to comply with the order of 17 December 1956 with warning that her failure to undergo
medical examination and submit the required doctor's certi cate would be deemed
lack of interest on her part in the case and that judgment upon the evidence presented
by her husband would be rendered.

After hearing, at which the defendant was not present, on 11 April 1957 the Court entered
a decree annulling the marriage between the plaintiff and the defendant. On 26 April 1957
the city attorney led a motion for reconsideration of the decree thus entered, upon the
ground, among others, that the defendant's impotency has not been satisfactorily
established as required by law; that she had not been physically examined because she
had refused to be so examined; that instead of annulling the marriage the Court should
have punished her for contempt of court and compelled her to undergo a physical
examination and submit a medical certi cate; and that the decree sought to be
reconsidered would open the door to married couples, who want to end their marriage to
collude or connive with each other by just alleging impotency of one of them. He prayed
that the complaint be dismissed or that the wife be subjected to a physical examination.
Pending resolution of his motion, the city attorney timely appealed from the decree. On 13
May 1957 the motion for reconsideration was denied.
The question to determine is whether the marriage in question may be annulled on the
strength only of the lone testimony of the husband who claimed and testi ed that his wife
was and is impotent. The latter did not answer the complaint, was absent during the
hearing, and refused to submit to a medical examination.
Marriage in this country is an institution in which the community is deeply interested. The
state has surrounded it with safeguards to maintain its purity, continuity and permanence.
The security and stability of the state are largely dependent upon it. It is the interest and
duty of each and every member of the community to prevent the bringing about of a
condition that would shake its foundation and ultimately lead to its destruction. The
incidents of the status are governed by law, not by will of the parties. The law speci cally
CD Technologies Asia, Inc. 2016 cdasiaonline.com
enumerates the legal grounds, that must be proved to exist by indubitable evidence, to
annul a marriage. In the case at bar, the annulment of the marriage in question was
decreed upon the sole testimony of the husband who was expected to give testimony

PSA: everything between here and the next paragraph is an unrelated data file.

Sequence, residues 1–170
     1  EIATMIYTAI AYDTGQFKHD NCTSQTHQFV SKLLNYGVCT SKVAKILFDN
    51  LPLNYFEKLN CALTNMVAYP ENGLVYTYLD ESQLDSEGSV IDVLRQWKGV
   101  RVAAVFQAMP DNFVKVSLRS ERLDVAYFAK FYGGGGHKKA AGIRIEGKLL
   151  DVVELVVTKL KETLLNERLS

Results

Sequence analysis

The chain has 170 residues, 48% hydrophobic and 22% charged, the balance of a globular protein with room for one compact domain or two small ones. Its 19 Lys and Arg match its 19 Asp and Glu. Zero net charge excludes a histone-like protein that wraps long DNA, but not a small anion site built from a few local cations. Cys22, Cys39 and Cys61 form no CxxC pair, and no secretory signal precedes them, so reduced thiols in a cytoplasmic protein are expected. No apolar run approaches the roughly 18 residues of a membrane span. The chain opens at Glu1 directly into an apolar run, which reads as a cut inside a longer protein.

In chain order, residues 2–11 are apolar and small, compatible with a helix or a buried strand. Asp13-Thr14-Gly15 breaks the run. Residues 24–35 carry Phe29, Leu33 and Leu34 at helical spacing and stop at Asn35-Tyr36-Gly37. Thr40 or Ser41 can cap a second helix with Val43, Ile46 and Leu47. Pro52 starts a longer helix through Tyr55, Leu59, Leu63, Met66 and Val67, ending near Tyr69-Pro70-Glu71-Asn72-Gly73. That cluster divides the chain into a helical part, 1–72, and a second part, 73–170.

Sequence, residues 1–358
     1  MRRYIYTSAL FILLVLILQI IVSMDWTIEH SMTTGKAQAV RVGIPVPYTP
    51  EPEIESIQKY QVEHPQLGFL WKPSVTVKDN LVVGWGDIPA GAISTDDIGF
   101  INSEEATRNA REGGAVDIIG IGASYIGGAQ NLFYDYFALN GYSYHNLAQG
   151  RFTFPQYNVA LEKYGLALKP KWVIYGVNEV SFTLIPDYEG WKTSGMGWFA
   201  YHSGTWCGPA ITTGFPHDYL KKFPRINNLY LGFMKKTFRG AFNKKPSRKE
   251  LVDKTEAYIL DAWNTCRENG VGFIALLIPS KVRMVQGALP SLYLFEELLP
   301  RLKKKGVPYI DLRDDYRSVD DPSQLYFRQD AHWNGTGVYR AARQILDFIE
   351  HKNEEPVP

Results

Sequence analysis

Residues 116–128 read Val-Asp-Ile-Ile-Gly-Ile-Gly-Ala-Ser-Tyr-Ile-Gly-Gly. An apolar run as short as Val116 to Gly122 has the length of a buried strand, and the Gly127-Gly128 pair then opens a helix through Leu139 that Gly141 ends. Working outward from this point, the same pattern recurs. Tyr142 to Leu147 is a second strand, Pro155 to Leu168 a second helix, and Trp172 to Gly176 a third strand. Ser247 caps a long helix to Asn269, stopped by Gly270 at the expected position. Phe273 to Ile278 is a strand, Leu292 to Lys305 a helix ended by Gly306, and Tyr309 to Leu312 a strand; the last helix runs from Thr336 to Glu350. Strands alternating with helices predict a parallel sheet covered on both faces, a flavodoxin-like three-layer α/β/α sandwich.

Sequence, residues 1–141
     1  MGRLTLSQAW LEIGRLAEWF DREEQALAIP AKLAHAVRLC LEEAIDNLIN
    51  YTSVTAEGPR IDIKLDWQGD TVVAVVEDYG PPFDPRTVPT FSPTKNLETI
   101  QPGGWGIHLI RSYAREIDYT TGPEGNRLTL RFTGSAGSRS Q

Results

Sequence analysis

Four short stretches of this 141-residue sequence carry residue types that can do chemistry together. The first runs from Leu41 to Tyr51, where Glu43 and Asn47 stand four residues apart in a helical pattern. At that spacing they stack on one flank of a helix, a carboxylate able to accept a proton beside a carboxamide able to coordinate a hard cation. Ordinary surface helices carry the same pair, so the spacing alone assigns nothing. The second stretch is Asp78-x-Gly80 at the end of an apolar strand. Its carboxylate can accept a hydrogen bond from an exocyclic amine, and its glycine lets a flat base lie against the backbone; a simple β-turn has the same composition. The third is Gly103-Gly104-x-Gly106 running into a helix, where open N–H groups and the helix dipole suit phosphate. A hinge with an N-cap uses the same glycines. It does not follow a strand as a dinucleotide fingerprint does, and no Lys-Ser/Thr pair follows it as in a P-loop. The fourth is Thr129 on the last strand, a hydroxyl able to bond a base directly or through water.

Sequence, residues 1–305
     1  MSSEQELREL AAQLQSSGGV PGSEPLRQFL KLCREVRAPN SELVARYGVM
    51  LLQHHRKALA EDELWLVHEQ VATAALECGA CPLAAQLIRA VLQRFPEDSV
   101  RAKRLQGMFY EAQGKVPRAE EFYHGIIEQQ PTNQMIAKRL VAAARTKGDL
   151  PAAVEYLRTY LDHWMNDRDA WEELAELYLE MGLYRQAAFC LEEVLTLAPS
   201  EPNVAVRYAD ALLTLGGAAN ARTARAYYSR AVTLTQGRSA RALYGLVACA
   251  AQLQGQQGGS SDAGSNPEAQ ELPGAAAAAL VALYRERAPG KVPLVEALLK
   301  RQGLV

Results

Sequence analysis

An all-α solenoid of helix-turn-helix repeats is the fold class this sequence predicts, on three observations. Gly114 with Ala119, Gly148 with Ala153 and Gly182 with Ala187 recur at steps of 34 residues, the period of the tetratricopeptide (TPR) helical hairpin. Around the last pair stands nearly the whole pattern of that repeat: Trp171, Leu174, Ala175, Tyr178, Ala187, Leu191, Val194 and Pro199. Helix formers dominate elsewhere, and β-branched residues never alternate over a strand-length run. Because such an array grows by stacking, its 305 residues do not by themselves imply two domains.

tending or aiming at securing the annulment of his marriage he sought and seeks. Whether
the wife is really impotent cannot be deemed to have been satisfactorily established,
because from the commencement of the proceedings until the entry of the decree she had
abstained from taking part therein. Although her refusal to be examined or failure to
appear in court show indifference on her part, yet from such attitude the presumption
arising out of the suppression of evidence could not arise or be inferred, because women
of this country are by nature coy, bashful and shy and would not submit to a physical
examination unless compelled to by competent authority. This the Court may do without
doing violence to and infringing upon her constitutional right. A physical examination in this
case is not self-incrimination. She is not charged with any offense. She is not being
compelled to be a witness against herself.1 "Impotency being an abnormal condition
should not be presumed. The presumption is in favor of potency." 2 The lone testimony of
the husband that his wife is physically incapable of sexual intercourse is insuf cient to tear
asunder the ties that have bound them together as husband and wife.
The decree appealed from is set aside and the case remanded to the lower court for
further proceedings in accordance with this decision, without pronouncement as to costs.
Pars, C.J., Bengzon, Bautista Angelo, Labrador, Concepcin, Reyes, J.B.L., Barrera,
Gutierrez David, and Dizon, JJ. concur.

Footnotes

1. Section 1, paragraph 18, Article III of the Constitution.

2. Marciano vs. San Jos, 89 Phil., 62.

CD Technologies Asia, Inc. 2016 cdasiaonline.com